The Avant-Garde Applied (18901950) opens in Madrid on 30 March at the Fundación Juan March
. Featuring almost 700 works ranging from original designs to photomontages, books, magazines, posters, postcards, leaflets, preparatory sketches and models, the exhibition aims to offer an overview of the way that avant-garde ideas were applied to politics and ideology, advertising, the media, architecture, urban and interior design, exhibitions, the theatre, film and photography, from the last decade of the 19th century, in the years just prior to the rise of the avant-garde movements, and throughout the first half of the 20th century. The exhibition will be on show at the Fundación Juan March until 1 July.
Prior to the formulation of modern aesthetics in the 18th century that brought about a new autonomy of the fine arts, it could be said that all art was originally design in the sense of art applied to a function. Traditionally, the arts have in fact been applied to the widest range of religious, political and social functions from the celebration of the mass to the representation of power, religious and wealth, decoration and leisure.
Later on, a number of movements that arose in the late 19th and early 20th centuries, such as the Viennese Succession, the Arts and Crafts movement and above all the early avant-garde movements, from Futurism and Bauhaus to Neo-plasticism, Dada and Constructivism, resulted in an increased emphasis on the new autonomy of art. They also, however, involved a widespread and radical attempt to bring art into all fields of life, not so much in order to depict it or ornament it but rather to transform it and redesign it from the starting point of the ideal of the new. In numerous different parts of the world, but almost at the same time and with the same end, the avant-garde movements aimed to reinstate art and its transformative powers in the political and social realms, domestic life and the world of interior decoration, publishing and the dissemination of ideas. Of course, this socially transformative aspect of art had never totally abandoned these spheres but it had been displaced by the aesthetics of pure art, aestheticism and the concept of art for arts sake.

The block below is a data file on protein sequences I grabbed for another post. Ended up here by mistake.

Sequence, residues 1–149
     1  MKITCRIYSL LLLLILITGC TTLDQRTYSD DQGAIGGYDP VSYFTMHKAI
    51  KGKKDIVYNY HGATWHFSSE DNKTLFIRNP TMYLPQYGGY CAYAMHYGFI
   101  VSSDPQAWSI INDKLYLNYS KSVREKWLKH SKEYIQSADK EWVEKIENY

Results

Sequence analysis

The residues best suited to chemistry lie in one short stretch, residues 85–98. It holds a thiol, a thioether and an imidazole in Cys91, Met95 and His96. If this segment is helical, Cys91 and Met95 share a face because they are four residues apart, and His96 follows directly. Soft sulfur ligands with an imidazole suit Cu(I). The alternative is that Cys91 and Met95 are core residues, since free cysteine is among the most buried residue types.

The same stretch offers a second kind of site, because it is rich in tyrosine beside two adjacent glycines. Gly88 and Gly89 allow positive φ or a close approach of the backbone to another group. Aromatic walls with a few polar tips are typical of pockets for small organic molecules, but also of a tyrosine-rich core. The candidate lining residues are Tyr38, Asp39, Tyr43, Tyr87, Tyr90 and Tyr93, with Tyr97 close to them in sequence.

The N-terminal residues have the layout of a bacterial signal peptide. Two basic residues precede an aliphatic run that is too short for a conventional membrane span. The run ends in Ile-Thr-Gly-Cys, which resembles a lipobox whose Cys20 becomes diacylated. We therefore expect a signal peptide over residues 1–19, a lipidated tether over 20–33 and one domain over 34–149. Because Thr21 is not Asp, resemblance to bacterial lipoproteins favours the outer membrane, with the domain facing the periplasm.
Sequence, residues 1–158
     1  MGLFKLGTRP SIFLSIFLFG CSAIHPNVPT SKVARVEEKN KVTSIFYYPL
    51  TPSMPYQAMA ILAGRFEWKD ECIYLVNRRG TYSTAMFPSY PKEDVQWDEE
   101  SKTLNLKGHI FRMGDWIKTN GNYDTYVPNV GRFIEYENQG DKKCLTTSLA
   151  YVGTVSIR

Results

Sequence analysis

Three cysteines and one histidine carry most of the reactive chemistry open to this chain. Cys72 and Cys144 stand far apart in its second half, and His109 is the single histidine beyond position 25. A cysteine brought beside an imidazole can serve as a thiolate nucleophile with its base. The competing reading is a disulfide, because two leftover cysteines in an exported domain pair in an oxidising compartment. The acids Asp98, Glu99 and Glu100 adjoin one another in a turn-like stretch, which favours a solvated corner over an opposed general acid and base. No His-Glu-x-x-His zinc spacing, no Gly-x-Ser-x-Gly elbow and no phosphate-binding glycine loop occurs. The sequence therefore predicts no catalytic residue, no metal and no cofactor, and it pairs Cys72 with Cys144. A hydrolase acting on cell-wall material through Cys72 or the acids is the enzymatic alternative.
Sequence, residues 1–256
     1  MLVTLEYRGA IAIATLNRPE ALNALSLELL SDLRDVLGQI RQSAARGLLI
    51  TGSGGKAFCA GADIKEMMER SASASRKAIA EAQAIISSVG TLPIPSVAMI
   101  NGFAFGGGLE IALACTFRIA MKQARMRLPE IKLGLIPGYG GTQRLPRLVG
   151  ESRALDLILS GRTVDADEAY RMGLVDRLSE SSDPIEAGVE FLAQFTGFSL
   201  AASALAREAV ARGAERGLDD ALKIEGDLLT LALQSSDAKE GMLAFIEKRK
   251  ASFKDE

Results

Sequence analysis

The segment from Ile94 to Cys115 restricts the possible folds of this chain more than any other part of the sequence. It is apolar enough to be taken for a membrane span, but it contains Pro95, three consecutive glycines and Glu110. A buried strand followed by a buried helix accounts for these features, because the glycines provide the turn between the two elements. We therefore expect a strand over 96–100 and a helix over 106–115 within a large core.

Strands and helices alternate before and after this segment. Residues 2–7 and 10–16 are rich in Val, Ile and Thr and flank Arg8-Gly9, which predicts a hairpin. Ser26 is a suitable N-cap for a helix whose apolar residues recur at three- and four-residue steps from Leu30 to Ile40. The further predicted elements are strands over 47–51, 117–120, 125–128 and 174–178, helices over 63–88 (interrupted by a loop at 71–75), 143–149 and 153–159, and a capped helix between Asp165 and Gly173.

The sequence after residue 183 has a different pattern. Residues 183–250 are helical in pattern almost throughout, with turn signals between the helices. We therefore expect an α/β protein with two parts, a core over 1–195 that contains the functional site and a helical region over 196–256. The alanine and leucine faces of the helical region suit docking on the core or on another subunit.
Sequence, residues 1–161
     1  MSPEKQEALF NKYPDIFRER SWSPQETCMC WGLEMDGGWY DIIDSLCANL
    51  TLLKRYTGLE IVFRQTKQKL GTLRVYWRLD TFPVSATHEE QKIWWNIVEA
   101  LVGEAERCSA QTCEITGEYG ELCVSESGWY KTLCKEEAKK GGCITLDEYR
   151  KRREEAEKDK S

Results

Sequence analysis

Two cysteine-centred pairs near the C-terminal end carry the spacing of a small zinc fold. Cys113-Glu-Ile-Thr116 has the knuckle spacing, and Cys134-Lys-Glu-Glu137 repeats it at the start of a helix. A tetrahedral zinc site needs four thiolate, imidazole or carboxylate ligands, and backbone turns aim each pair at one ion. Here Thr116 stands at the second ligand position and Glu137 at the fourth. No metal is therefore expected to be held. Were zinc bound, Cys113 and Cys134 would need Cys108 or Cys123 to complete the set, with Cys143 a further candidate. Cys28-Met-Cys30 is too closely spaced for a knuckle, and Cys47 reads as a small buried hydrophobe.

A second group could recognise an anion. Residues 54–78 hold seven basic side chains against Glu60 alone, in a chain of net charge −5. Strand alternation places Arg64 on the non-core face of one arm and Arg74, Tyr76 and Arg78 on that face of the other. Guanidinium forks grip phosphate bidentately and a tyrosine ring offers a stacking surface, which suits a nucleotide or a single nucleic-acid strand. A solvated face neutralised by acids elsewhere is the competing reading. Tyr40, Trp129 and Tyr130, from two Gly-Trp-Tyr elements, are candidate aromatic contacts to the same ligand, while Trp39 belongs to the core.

The works in the present exhibition have been loaned from two important international collections specialised in design and avant-garde typography, namely the collection of Merrill C. Berman in the USA and that of José María Lafuente in Santander, Spain. Their size and the rigour with which the works in these collections have been selected means that they can be considered of museum quality. The selection of works from the two collections has followed historical criteria but has also adopted a transversal approach to the transformative spirit of the avant-garde movements and to the axis created by the articulation of forms and signs in avant-garde graphic design and the resulting typographical revolution.